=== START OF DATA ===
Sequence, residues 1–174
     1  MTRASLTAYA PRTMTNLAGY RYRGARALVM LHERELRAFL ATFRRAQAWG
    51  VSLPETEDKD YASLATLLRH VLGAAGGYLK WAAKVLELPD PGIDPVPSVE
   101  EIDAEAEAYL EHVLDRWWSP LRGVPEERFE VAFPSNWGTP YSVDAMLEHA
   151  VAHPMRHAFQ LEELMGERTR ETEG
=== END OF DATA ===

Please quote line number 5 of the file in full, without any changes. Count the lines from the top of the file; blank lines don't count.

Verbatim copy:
   151  VAHPMRHAFQ LEELMGERTR ETEG